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I found this website very fascinating! I found it when I was just exploring on the Internet looking for tips on helping me face the fear of feel the real feelings. I would like to hear your advice and or your feedback.
I am a recovery addict, so is my fiancée. Let me brief you a little bit about myself. I am deaf. When I was in a high school, I was this kind of girl that had a charismatic personality, was very smart, used to speak out whenever I feel angry or whatsoever, and I had high self-esteem. It is all gone when I was in an abusive relationship and when I started using drugs on and off for a year.
I feel like my fiancée and I are falling apart! He is a very happy recovery addict, he goes to college, he works as a legal assistance for a lawyer, and a father of our 3 yrs old son. He graduated from a drug program. He is now almost 2 years clean. He is a very smart bright man!
I stopped using drugs last year on July 2003. I relapsed and drank a little bit of alcohol in Nov 2003. I am now 4 months clean. I am now an outpatient of a drug program and I attend NA meetings.
What I am trying to say is I feel numb all the times. I feel like I can’t share my feelings, thoughts, emotions, etc with my fiancée. We used to laugh together, play around, spend time alone, and especially we talked a lot. It is gone. I am really trying to express my feelings to him, but I feel I can’t because he would tell me he uses his boundaries in basic ways and that he is not my therapy, my sponsor, my psychologist, etc.
I get confused. I really want to open up my feelings to him, but most of the time I am afraid that if I admit, I’m a loser or something, because he’ll tell me to remember that we all are not perfect. I just really want him just to listen and feedback and sympathized with me. He would always tell me to talk to my psychologist or my sponsor. I just really would love for us to talk and have an effective communication, from what I have learned from the drug program! I am really hurting inside and my friend told me that she thinks I have lots of fears and that I do not trust myself to allow myself feel the feelings.... I have always shuttled them out, the feelings.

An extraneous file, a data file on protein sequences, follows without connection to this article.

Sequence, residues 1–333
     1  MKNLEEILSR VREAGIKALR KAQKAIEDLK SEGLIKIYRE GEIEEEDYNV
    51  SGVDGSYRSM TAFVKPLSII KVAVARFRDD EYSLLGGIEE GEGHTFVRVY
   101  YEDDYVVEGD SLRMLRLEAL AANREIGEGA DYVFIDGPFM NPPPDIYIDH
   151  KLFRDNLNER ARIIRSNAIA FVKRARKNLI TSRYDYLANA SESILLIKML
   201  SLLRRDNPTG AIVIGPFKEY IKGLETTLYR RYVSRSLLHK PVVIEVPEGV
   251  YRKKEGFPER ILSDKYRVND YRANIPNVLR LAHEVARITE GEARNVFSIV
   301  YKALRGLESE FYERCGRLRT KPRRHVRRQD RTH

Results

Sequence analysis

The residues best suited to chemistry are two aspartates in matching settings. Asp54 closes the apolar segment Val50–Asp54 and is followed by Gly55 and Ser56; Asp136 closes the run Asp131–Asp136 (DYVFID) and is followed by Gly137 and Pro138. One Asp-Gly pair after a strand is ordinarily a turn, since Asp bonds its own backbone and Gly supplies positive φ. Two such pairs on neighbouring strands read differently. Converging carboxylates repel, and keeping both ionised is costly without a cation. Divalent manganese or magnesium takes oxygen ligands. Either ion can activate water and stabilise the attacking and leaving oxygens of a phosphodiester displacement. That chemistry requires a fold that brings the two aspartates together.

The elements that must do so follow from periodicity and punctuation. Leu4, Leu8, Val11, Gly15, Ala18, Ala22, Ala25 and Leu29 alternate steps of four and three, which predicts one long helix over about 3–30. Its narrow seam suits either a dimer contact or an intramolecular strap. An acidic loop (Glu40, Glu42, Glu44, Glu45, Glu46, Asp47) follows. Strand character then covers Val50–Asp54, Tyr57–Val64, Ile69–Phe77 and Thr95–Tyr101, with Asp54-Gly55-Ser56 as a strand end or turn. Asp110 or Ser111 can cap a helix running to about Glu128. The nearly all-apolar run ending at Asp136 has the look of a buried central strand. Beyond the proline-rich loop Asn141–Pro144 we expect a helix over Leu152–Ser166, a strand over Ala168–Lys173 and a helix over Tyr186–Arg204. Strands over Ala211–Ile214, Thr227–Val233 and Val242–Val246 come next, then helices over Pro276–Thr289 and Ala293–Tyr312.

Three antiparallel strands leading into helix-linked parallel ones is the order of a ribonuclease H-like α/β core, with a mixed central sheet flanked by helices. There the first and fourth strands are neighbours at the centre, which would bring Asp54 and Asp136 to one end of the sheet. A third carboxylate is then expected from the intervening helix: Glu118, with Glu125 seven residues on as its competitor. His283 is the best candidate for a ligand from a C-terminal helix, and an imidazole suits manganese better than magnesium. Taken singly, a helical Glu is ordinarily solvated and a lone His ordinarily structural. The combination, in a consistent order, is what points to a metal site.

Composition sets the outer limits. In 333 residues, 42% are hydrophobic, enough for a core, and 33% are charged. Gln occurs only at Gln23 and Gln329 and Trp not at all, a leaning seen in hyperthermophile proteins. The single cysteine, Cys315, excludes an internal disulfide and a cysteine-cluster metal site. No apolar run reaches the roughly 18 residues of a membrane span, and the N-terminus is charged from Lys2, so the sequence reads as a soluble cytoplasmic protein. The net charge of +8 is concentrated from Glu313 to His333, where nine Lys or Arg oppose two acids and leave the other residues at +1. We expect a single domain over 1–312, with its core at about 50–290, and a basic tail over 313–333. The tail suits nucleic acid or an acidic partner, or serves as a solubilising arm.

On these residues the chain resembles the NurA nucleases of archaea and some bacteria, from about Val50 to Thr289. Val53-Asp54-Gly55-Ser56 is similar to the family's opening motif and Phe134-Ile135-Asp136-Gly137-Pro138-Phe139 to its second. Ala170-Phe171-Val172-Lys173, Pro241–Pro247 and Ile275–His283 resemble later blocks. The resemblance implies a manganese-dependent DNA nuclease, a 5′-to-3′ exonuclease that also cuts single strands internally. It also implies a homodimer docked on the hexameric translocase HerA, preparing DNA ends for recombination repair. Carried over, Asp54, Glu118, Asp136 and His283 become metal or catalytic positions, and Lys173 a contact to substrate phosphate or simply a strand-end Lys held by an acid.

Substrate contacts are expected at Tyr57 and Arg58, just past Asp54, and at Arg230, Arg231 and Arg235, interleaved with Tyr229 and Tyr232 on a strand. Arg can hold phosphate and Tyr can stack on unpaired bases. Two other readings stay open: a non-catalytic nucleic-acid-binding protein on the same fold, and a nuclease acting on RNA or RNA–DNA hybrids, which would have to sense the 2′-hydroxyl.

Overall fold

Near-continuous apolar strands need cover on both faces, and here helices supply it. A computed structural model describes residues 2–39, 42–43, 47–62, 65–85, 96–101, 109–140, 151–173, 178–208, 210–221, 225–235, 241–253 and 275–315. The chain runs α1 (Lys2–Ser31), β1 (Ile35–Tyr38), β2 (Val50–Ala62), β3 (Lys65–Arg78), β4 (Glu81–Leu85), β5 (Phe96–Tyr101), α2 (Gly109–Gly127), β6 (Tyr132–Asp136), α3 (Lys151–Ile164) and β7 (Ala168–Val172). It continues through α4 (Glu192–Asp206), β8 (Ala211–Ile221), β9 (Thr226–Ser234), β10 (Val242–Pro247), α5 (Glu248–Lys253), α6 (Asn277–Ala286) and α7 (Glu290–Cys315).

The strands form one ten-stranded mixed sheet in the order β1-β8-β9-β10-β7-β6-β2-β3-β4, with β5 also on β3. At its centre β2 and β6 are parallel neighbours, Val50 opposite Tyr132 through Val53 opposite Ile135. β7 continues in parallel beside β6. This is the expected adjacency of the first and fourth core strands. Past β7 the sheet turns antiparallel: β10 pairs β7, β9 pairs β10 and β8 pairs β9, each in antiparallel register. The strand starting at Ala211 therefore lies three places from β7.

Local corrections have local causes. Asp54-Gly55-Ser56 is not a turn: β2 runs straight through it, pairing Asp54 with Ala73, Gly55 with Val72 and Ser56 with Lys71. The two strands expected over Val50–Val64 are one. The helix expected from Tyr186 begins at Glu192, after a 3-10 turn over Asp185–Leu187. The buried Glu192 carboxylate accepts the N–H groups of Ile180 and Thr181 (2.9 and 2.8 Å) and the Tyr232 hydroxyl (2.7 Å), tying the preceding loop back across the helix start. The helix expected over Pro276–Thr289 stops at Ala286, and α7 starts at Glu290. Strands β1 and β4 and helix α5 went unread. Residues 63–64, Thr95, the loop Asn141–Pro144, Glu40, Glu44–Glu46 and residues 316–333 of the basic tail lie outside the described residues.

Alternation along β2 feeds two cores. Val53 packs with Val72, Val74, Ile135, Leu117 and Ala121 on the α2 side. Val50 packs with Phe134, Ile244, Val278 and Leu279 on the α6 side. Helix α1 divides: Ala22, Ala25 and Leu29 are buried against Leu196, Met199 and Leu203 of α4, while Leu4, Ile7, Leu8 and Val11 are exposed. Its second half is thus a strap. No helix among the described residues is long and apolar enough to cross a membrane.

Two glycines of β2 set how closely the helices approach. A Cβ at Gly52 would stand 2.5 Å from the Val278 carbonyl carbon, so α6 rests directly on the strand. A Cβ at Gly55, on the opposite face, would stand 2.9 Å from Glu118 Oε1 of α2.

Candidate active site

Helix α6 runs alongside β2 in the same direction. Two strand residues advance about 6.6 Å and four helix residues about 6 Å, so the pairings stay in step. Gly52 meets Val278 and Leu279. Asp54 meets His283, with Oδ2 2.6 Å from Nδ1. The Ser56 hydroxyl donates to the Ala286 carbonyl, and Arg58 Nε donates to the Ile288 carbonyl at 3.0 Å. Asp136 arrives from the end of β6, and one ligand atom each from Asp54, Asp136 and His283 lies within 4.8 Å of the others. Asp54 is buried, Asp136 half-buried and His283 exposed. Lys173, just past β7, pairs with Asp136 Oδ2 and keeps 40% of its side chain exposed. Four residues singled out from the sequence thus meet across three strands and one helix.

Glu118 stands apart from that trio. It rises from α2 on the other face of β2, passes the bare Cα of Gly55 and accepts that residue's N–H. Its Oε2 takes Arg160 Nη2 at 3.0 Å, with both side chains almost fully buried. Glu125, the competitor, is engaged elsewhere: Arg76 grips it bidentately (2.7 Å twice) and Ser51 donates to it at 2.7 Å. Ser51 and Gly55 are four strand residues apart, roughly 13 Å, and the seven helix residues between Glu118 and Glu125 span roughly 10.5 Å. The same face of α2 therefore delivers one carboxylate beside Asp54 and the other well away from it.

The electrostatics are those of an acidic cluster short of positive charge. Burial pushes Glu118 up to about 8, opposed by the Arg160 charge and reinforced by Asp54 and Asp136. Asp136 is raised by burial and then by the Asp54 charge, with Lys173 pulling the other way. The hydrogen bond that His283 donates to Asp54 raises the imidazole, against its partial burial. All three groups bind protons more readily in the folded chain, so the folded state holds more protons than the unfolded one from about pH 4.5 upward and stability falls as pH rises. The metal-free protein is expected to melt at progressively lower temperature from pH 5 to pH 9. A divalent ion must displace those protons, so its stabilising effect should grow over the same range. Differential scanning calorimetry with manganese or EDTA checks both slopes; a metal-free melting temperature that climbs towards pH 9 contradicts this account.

PLEASE help me. Just give me the advices, feedbacks, etc. All you want. I just really need something to push my buttons so I could get out of the shell. I am seeking a drug counselor, a personal psychologist, and I have a sponsor to work my 12 steps. I feel it is not helping me completely.
I love all of your website. I would like to hear your
personal advices and everything else.
Thank you for your time reading this and I am really hoping to hear from you ASAP.
Communication is essential with your fiancée, if you are to have a good marriage. This does not mean that you need to dump all your drug-related stuff on him. I can see that this subject is a taboo subject for a very good reason. He cannot allow himself to be pulled down into your problems in that area, because he is still fighting his demons in that area, too. Adding yours to the mix could very well cause him to flounder and loose all that he has accomplished since his sobriety. One more straw can break the camel’s back, so to speak!
The problem may exist that he cannot differentiate between your problems with drugs and every day problems. You both need to work out everyday problems, especially with the raising of your child and relational problems that always arise when two people live together. I highly suggest the following articles for you to incorporate into your lives: (Just click on the titles)
Even after working on problems common to parenting, couples relationships, and daily problems, you still have your continuing fight with drugs to stay clean and the huge problems you have to face from being abused.